|Publication number||US4251814 A|
|Application number||US 06/076,530|
|Publication date||Feb 17, 1981|
|Filing date||Sep 18, 1979|
|Priority date||Sep 18, 1979|
|Also published as||CA1147484A, CA1147484A1, DE3035303A1, DE3035303C2|
|Publication number||06076530, 076530, US 4251814 A, US 4251814A, US-A-4251814, US4251814 A, US4251814A|
|Inventors||Thomas P. Dagostino|
|Original Assignee||Tektronix, Inc.|
|Export Citation||BiBTeX, EndNote, RefMan|
|Patent Citations (4), Referenced by (13), Classifications (7), Legal Events (1)|
|External Links: USPTO, USPTO Assignment, Espacenet|
This invention relates to display systems for digital oscilloscope in general, and in particular to a time dot display for superposition upon a displayed waveform.
In conventional digital storage oscilloscopes, the information displayed is a series of samples taken from the waveform of interest. The number of samples that may be taken from the waveform is limited by the available memory space. The samples are quantized and stored in memory in the form of digital data. The data is clocked out of memory at a predetermined clock rate, converted back to analog form, and displayed. The display may thus be a series of disconnected dots, or a vector generator may be utilized to connect the dots to produce a continuous display. A popular feature of digital oscilloscopes is the capability of reading out differential time by use of brightened dots placed on the waveform. In prior art systems, the time dots are generated in synchronism with the display clock so that the time dots appearing on the waveform are at the time position points of the sampled data. In positioning such time dots to provide a differential time readout, the displayed dots jump from point to point.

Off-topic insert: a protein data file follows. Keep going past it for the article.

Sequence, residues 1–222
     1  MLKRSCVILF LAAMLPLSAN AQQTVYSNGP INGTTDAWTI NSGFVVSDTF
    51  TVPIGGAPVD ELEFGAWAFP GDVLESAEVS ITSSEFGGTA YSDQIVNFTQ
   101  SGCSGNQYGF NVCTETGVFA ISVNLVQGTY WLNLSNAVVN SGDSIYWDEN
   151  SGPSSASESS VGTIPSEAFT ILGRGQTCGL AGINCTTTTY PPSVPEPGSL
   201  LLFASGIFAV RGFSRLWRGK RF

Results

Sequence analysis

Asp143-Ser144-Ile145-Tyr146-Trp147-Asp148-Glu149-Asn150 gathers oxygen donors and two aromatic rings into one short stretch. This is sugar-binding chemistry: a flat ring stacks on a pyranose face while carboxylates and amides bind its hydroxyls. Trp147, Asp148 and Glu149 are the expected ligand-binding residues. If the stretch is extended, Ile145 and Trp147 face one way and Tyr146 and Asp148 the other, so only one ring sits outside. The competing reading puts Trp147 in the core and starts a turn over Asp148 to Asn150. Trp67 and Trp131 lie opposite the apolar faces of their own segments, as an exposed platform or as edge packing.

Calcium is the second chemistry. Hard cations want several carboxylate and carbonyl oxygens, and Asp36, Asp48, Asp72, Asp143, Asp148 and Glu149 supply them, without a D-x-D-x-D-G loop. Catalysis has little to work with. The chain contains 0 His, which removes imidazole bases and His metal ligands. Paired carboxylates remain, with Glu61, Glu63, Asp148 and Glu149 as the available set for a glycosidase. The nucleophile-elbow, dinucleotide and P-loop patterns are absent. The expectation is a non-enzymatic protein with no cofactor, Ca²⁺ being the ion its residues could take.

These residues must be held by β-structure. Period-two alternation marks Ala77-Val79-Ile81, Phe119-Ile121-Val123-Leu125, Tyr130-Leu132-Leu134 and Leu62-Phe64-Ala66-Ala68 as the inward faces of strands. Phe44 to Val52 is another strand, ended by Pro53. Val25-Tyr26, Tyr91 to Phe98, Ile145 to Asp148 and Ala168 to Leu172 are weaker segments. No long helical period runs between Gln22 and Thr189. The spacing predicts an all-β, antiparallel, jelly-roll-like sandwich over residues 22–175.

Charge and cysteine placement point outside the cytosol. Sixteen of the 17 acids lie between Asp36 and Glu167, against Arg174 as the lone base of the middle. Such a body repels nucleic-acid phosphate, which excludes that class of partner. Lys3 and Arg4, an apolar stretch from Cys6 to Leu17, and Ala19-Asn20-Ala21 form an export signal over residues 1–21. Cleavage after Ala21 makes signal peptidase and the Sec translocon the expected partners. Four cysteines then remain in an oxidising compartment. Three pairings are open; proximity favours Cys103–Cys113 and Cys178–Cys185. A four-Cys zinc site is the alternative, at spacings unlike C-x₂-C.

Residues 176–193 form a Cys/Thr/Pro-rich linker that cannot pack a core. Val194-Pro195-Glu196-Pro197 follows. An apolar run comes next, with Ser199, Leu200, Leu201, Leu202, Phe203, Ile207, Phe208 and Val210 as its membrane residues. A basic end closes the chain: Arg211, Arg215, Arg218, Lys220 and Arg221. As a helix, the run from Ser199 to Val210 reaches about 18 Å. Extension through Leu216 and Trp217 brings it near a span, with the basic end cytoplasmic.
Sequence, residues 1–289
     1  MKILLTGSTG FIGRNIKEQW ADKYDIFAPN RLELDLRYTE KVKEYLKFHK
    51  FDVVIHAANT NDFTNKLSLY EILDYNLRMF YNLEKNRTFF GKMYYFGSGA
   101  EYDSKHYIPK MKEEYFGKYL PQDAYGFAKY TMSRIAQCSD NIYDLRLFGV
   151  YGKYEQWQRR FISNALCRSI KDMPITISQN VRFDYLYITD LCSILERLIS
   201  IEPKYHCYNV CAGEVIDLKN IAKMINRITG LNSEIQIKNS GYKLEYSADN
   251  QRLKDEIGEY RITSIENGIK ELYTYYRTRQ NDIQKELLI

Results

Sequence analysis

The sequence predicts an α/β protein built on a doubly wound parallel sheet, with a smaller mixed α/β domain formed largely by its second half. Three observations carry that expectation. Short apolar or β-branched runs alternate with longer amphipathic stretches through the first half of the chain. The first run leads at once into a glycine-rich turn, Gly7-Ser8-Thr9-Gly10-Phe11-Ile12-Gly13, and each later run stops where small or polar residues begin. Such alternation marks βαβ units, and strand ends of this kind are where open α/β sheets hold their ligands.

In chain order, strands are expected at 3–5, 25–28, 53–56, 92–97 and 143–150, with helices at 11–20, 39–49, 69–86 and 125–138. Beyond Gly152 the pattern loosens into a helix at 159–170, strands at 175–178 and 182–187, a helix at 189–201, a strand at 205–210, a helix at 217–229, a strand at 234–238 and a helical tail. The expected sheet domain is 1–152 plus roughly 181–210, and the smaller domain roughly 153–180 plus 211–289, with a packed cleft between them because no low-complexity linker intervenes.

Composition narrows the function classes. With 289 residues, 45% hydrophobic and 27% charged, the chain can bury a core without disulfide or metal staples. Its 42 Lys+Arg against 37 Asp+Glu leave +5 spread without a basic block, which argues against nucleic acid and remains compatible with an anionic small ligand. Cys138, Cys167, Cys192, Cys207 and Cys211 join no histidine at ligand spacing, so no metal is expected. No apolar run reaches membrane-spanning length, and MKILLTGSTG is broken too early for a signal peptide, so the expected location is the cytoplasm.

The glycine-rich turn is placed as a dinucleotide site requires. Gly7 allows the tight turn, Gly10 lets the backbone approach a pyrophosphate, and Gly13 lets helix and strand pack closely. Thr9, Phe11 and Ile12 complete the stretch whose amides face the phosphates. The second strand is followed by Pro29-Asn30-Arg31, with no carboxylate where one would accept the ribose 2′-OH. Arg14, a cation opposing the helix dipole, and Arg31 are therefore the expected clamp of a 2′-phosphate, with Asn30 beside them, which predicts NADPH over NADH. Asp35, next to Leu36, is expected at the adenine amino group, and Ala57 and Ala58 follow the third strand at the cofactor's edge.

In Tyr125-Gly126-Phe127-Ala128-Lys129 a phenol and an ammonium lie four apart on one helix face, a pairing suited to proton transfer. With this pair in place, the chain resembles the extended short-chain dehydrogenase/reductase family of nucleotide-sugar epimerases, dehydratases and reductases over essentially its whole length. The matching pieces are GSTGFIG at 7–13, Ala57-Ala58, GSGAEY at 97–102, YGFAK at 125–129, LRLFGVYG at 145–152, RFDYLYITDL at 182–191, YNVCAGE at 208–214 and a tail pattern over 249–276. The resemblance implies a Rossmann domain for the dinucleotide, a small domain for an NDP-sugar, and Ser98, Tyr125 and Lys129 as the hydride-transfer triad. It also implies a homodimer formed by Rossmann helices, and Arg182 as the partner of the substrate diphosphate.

In accordance with a present invention, a time dot display for a digital oscilloscope is produced by linearly interpolating between the sampled and stored data being clocked out of memory for display. Both a waveform memory and a time dot memory are utilized as in conventional digital oscilloscopes, and data is clocked out of both memories by the same display clock and address counter. However, the time dot memory has a substantially greater number of addressable storage locations than the waveform memory, and is driven by a count signal having a lesser significant bit than the count signal utilized to drive the waveform memory. For example, for a binary system, the time dot memory has at least twice the number of addressable storage locations than the waveform memory so that it is possible to generate time dots half way between dots representing sampled data. For greater resolution, the time dot memory space is increased by a factor of 2p, where p is the number of lesser significant bits of the address count signal.
It is therefore one object of the invention to provide a novel method of producing a time dot display for a digital oscilloscope.
It is another object to provide a linear interpolation between time points on a waveform produced by a digital oscilloscope.
It is a further object to provide a time dot display having greater time measurement resolution in a digital oscilloscope.
It is an additional object to provide a simple and inexpensive method of generating time dots for a digital oscilloscope.
Other objects and advantages of the present invention will become apparent upon a reading of the following description when taken in conjunction with the drawings.
The single FIGURE is a block diagram of the preferred embodiment in accordance with the present invention.